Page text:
You state that your book is based on one fundamental assumption about human nature: people respond to incentives. Which is another way of saying that people are basically selfish. Take someone like Jesus Christ. What was his “incentive” to go on the cross?
It is important to define our terms. There is a difference between being selfish and having self-interest. While some incentives can be defined as selfish, people also have a necessary interest in their well-being. Food, shelter, basic care, the desire to love and be loved, and even acts such as deciding to get out of bed in the morning are good and necessary acts that are not inherently selfish. Some self-interest, then, is good and necessary for life. God created us in His image and for that reason we should have at least some interest in properly loving ourselves. Selfishness, however, is a corruption of good and necessary self-interest.
In the context of capitalism, which functions through people acting according to self-interest (remember, not necessarily greedy selfishness), people may at times choose to sacrifice for others. Since self-interest is not necessarily selfishness, then we may choose to act in the interest of others by sacrificing something of ourselves for the good of another. This is possible in part because doing good for others does not imply that we are harming ourselves by participating in that goodwill.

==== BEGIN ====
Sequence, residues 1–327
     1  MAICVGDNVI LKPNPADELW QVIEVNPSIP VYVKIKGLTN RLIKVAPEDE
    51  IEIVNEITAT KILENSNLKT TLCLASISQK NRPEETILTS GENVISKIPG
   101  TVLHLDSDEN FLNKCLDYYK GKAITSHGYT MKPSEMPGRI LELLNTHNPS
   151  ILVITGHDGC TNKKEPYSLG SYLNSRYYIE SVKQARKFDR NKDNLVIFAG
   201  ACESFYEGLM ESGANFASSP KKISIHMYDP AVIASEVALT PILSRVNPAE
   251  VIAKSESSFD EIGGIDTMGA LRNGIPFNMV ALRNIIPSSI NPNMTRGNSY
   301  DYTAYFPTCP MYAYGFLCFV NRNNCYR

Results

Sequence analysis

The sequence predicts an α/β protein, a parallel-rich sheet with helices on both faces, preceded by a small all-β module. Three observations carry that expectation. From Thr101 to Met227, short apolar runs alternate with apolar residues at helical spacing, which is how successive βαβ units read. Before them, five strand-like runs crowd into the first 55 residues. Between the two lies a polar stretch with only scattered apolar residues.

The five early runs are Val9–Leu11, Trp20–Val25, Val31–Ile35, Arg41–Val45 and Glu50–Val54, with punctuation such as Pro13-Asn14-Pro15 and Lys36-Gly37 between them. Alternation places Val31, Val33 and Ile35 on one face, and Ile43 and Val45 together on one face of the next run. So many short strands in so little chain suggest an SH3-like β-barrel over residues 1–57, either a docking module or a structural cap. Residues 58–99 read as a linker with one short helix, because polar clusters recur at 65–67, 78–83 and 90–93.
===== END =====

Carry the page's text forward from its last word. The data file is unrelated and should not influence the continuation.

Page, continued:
Unlike us, Christ’s motives were never impure or selfish. So, what incentive did Jesus Christ have to go to the cross? If we accept that not all self-interest is selfishness, then we can understand that Christ did not die because of self-centered motives but rather as a sacrifice for others. The beauty of properly ordered self-interest is that we can love ourselves while being free to serve others sacrificially. Praise be to God for the ultimate sacrifice, Jesus Christ.